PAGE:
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Old 21st December 2014, 11:24   #1
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Default VW Vento: Contaminated MAF sensor

Does anyone know the location of the MAF (Mass Air Flow) sensor on the Vento Petrol version? I need to check the sensor for contamination. I've been getting the EPC light intermittently and the fault code shows P2637. A quick look up on the net shows that the most common cause for this fault is a contaminated MAF sensor. I also read in a different post (on team-BHP) that the K&N filter causes contamination of the MAF sensor due to the oil. Incidentally, I am using a K&N filter which I recently cleaned and re-oiled. The VW service center chaps could not do much as the fault is intermittent. Any help would be most appreciated.

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Old 21st December 2014, 21:42   #2
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Default re: VW Vento: Contaminated MAF sensor

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Originally Posted by jethari View Post
. Incidentally, I am using a K&N filter which I recently cleaned and re-oiled. The VW service center chaps could not do much as the fault is intermittent. Any help would be most appreciated.

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Hari
There is your answer, the oil from the flter has contaminated the sensor earlier than normal. Try removing sensor and cleaning it by lightly spraying or soaking it in methyl alcohol
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Old 21st December 2014, 22:04   #3
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Default re: VW Vento: Contaminated MAF sensor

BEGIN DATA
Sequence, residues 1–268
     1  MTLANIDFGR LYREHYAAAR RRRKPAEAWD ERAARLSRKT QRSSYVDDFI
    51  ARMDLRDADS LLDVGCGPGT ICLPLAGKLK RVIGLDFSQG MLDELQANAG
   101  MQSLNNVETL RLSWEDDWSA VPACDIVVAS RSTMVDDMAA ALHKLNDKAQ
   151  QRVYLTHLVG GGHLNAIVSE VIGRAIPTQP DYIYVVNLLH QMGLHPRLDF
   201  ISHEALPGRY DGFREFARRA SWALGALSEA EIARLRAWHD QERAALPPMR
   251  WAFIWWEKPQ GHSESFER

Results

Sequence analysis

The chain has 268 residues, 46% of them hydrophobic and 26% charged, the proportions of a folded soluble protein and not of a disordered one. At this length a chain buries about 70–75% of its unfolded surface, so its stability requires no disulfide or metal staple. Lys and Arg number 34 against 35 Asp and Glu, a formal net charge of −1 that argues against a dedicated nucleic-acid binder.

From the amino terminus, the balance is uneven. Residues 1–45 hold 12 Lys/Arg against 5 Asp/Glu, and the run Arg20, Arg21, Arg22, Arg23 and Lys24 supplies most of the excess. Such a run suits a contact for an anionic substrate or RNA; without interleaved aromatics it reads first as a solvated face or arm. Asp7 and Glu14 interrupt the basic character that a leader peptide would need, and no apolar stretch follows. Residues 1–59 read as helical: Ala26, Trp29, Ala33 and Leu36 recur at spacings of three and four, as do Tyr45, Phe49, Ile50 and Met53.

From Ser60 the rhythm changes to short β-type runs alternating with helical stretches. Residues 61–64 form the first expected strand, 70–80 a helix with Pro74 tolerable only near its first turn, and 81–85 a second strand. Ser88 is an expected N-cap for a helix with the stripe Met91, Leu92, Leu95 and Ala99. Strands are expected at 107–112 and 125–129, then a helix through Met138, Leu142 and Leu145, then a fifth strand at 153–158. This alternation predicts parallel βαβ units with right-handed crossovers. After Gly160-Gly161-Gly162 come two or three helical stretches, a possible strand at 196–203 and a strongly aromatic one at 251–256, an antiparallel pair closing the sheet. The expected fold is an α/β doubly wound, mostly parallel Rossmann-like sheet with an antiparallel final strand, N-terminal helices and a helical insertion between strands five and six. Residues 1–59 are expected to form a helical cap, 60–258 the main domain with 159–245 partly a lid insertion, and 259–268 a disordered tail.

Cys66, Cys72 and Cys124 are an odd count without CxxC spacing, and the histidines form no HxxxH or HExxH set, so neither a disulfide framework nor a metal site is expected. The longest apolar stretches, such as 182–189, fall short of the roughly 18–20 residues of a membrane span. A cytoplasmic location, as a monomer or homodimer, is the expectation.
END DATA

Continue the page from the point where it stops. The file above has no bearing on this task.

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There is your answer, the oil from the flter has contaminated the sensor earlier than normal. Try removing sensor and cleaning it by lightly spraying or soaking it in methyl alcohol
Thanks. Trying to figure out how to get at the sensor. The air filter housing is mounted right on top of the air intake manifold. I can see the throttle butterfly once I remove the filter element, but that's about it. Might have to remove the air filter housing to access the MAF sensor.
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Old 22nd December 2014, 08:08   #4
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Originally Posted by jethari View Post
Thanks. Trying to figure out how to get at the sensor. The air filter housing is mounted right on top of the air intake manifold. I can see the throttle butterfly once I remove the filter element, but that's about it. Might have to remove the air filter housing to access the MAF sensor.

Its very likely that the oil of your K&N filter caused this. You re not the first one, neither will you be the last one to whom this happens. The filter really only needs a very little oil.

Cant you find the location of the sensor? Check for the wires, usually somewhere after the air filter. The sensor itslef, typically is a tiny holder which has shows an open, very thin wire, facing toward the incoming air. Ideally, you should clean it with special MAF cleaning solution. If you cant find something like an electro cleaner. Make sure its one that doesnt leave any residue.

Lots of videos on Youtube:



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Old 22nd December 2014, 11:42   #5
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Default re: VW Vento: Contaminated MAF sensor